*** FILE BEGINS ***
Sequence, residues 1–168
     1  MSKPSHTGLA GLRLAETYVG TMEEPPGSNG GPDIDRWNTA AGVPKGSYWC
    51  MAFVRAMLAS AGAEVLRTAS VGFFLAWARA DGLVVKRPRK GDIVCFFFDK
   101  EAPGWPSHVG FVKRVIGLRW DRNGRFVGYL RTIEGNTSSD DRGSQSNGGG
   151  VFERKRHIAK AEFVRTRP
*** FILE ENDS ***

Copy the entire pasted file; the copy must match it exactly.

Sequence, residues 1–168
     1  MSKPSHTGLA GLRLAETYVG TMEEPPGSNG GPDIDRWNTA AGVPKGSYWC
    51  MAFVRAMLAS AGAEVLRTAS VGFFLAWARA DGLVVKRPRK GDIVCFFFDK
   101  EAPGWPSHVG FVKRVIGLRW DRNGRFVGYL RTIEGNTSSD DRGSQSNGGG
   151  VFERKRHIAK AEFVRTRP